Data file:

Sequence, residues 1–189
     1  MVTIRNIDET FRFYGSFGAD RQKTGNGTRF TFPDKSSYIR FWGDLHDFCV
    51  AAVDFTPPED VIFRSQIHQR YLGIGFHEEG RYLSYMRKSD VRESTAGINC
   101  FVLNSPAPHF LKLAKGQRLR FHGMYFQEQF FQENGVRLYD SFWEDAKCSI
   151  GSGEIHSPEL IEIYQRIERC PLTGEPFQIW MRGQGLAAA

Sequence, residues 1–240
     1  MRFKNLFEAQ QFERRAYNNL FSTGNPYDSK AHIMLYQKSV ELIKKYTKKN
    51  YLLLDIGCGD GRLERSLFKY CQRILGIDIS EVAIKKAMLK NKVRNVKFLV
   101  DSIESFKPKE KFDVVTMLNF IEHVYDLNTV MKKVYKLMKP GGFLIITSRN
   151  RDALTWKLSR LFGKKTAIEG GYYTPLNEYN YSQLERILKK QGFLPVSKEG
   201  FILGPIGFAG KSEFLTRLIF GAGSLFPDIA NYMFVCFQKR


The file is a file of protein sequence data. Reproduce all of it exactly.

Sequence, residues 1–189
     1  MVTIRNIDET FRFYGSFGAD RQKTGNGTRF TFPDKSSYIR FWGDLHDFCV
    51  AAVDFTPPED VIFRSQIHQR YLGIGFHEEG RYLSYMRKSD VRESTAGINC
   101  FVLNSPAPHF LKLAKGQRLR FHGMYFQEQF FQENGVRLYD SFWEDAKCSI
   151  GSGEIHSPEL IEIYQRIERC PLTGEPFQIW MRGQGLAAA

Sequence, residues 1–240
     1  MRFKNLFEAQ QFERRAYNNL FSTGNPYDSK AHIMLYQKSV ELIKKYTKKN
    51  YLLLDIGCGD GRLERSLFKY CQRILGIDIS EVAIKKAMLK NKVRNVKFLV
   101  DSIESFKPKE KFDVVTMLNF IEHVYDLNTV MKKVYKLMKP GGFLIITSRN
   151  RDALTWKLSR LFGKKTAIEG GYYTPLNEYN YSQLERILKK QGFLPVSKEG
   201  FILGPIGFAG KSEFLTRLIF GAGSLFPDIA NYMFVCFQKR